The NFU has welcomed the publication of a report by the Trade and Agriculture Commission (TAC), which it said strikes the right balance between liberalising trade and protecting British farm standards.
The NFU fought hard to persuade International Trade Secretary Liz Truss to establish the Commission in 2020, with a remit to advise the government on trade policies that will secure opportunities for UK farmers while ensuring the sector remains competitive and that animal welfare and environmental standards in food production are not undermined.
Chaired by for Food Standards Agency chief executive Tim Smith, its membership incorporate individuals across the agriculture, retail, consumer, hospitality, animal health and environment sectors, including the NFU’s Nick von Westenholz.
Its report, announced by Ms Truss today, includes a number of recommendations to shape the UK’s future trade policy. It can be viewed HERE
NFU President Minette Batters said: “The NFU has long argued how important it is to properly examine, and to try to reconcile, the complexities and tensions inherent in government trade policy – one that seeks both to liberalise trade and to safeguard our high food and farming standards and our valued British farming sector. The report does this very well and I thank all of the Commissioners, in particular the Chairman Tim Smith, for their work over the past eight months.
“It’s clear from the report that there is a tough balance to be struck between doing trade deals on the one hand and safeguarding our high standards of food and farming on the other. This report dispels the notion that it is easy, which is the message UK farmers and the British public have too often been given.
“I commend the Commission for setting out a bold vision to manage those tensions, growing our exports and improving our competitiveness while continuing to meet the high expectations of UK consumers for high quality, sustainably-produced food. But the report is also clear that this will involve trade-offs and difficult decisions and that there will be winners and losers as the government pursues its new, independent trade policy.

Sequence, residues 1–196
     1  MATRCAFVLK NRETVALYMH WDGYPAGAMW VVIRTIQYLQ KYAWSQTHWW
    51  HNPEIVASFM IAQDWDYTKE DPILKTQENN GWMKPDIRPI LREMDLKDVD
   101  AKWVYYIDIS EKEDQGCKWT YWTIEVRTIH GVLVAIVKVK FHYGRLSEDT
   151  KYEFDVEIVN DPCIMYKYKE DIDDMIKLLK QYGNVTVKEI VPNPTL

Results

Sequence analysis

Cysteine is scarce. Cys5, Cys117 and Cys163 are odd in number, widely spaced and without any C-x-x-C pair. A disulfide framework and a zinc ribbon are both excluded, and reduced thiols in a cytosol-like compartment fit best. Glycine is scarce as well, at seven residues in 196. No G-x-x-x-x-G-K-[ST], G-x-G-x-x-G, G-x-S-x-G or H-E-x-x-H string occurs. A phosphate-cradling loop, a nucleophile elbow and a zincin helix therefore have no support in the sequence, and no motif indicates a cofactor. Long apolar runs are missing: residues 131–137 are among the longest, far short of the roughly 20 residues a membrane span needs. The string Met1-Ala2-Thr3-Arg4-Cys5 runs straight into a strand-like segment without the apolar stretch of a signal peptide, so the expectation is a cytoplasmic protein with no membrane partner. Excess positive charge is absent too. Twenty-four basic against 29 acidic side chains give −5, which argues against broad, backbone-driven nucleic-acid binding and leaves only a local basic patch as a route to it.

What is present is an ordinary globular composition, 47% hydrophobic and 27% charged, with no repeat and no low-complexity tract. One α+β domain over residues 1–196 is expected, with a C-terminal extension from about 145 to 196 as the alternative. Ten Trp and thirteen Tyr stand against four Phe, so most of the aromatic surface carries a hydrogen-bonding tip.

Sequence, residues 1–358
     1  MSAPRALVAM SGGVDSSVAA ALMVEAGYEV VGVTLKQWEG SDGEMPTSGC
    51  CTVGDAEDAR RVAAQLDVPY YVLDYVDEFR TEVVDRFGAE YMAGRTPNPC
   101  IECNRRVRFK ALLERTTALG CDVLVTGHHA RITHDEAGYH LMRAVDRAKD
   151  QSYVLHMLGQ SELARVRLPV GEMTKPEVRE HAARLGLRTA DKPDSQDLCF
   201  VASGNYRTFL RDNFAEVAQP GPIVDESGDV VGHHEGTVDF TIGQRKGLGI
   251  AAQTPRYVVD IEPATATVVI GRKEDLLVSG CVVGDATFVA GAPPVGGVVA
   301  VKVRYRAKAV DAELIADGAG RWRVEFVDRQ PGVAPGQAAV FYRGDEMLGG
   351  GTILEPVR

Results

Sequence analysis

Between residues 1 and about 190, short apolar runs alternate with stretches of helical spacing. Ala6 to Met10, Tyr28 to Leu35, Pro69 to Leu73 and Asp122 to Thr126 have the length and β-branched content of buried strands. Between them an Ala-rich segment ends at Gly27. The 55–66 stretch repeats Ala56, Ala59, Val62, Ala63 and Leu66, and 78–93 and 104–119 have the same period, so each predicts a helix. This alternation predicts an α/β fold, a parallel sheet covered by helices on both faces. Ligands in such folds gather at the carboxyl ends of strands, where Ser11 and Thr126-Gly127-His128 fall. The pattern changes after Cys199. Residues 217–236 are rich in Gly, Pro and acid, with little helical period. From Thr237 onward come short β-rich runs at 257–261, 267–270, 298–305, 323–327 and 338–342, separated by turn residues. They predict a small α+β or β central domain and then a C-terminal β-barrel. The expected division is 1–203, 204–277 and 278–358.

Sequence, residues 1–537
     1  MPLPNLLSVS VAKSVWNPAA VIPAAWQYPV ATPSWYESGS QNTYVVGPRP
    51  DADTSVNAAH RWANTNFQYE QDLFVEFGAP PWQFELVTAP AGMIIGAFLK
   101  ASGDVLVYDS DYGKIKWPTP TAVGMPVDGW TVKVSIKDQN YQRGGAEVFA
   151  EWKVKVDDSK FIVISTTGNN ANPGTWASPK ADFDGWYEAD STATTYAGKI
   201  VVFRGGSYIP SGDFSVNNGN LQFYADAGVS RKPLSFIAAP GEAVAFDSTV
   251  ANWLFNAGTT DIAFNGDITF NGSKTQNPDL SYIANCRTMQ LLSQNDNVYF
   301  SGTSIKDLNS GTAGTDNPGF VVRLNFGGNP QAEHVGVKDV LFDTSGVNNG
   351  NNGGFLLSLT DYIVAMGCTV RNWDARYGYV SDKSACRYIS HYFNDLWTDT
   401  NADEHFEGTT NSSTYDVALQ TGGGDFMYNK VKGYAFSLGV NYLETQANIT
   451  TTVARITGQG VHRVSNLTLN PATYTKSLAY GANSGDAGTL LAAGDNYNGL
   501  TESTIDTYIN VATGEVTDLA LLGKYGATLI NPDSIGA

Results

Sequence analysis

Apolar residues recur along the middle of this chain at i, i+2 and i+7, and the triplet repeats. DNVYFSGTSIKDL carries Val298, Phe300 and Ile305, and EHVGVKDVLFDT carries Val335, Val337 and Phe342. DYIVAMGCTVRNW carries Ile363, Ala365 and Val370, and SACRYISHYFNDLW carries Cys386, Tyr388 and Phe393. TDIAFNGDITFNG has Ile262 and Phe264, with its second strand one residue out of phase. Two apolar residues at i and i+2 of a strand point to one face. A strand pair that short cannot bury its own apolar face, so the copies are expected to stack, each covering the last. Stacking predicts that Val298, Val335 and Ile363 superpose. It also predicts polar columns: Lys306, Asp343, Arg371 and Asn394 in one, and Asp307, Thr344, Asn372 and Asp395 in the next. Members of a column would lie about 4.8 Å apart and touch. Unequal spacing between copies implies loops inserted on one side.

“Ultimately, how those trade-offs are managed and weighed remains a decision for ministers and it is vital that the government now sets out, without delay, how it intends to accommodate these recommendations within a trade strategy that works for UK farmers and consumers alike.
“At its core such a strategy must contain a clear commitment to support our farmers in producing food to the highest standards of animal welfare and environmental protection, in leading the world in climate-friendly farming and in remaining the beating heart of our rural communities. I am pleased to see such an approach reflected in the Commission’s deliberations.
“There are many good recommendations in the report that the government should adopt, in particular the need for a coherent and explicit trade strategy encompassing both Free Trade Agreements (FTAs) and general trade policy, an approach to imports that has our high standards of production at its core, and a Food and Drink Exports Council to foster a collaborative and targeted approach to growing markets overseas.
“Of course, this is only the start of the next stage of the journey. We look forward to the Secretary of State setting out her detailed response to the report very soon and we also await the operational details of the Statutory TAC which will follow up this work, scrutinising trade deals before they are ratified.
“The Commission has set the stage for government to develop its trade policy in a way that puts the UK at the forefront of more sustainable models of production and consumption both here and across the world. I hope the government seizes that opportunity with both hands.”
Country Land & Business Association President Mark Bridgeman said: “It is encouraging to see the report recognise that maintaining and further improving our high animal welfare and environmental standards is critical to the future of farming.
“We should never apologise for our high standards, they are the foundations on which British farming are built. The public should be proud of them and Government should not only defend them, but put them at the heart of the UK’s international trade strategy.
“It is inevitable that the sector will continue to restructure post-Brexit, but in farming the line between success and failure is often very thin. So, as we continue our transition away from the old subsidies and towards the new Environmental Land Management Schemes, Government must do all it can to provide certainty and stability to a sector that is determined to feed the nation and beyond, but somewhat weary of never quite knowing the direction Government is taking us.”
RSPCA Chief Executive Chris Sherwood said: “We are very encouraged by the Commission’s recommendations that animal welfare standards should be protected and enhanced as the UK sets trade policy and negotiates Free Trade Deals with other countries.
“We agree with the report’s assessment that the Government has a huge opportunity to demonstrate global leadership on animal welfare standards by setting trade policy that makes it unviable to import products from animals that have been reared to lower standards than our own. This would support the UK’s agriculture and food industry, respond to consumer demand for ethically produced food and show that the UK really does lead the way when it comes to animal welfare.
“We also agree that a dedicated trade minister, championing animal welfare standards, ethical trade and policy coherence across the whole of Government would be invaluable in helping Government achieve its free trade ambitions whilst ensuring there is no back sliding on standards.”